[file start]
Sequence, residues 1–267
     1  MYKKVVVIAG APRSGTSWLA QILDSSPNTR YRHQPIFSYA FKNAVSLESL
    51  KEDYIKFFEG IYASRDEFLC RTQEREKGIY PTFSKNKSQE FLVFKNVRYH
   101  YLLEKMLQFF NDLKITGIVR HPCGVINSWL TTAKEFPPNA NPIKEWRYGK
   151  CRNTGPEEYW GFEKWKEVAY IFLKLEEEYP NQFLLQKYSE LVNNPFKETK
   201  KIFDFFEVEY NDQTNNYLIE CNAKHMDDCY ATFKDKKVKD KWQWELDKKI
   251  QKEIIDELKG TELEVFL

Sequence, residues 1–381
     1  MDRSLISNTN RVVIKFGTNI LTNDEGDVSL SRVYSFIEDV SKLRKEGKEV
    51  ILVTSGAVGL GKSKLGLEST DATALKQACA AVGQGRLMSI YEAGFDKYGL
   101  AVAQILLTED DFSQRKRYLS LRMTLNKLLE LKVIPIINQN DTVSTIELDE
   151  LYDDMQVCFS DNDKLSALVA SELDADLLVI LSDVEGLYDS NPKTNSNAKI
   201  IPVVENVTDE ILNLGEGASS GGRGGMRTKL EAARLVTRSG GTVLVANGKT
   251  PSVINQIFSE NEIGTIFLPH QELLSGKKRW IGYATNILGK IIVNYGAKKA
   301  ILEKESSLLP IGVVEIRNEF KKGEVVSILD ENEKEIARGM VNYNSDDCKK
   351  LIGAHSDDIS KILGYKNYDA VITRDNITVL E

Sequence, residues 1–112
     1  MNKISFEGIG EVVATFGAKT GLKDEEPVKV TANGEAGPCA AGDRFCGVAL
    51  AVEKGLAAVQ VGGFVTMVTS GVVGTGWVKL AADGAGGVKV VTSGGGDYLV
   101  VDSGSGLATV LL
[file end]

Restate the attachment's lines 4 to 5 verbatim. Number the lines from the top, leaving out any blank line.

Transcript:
   101  YLLEKMLQFF NDLKITGIVR HPCGVINSWL TTAKEFPPNA NPIKEWRYGK
   151  CRNTGPEEYW GFEKWKEVAY IFLKLEEEYP NQFLLQKYSE LVNNPFKETK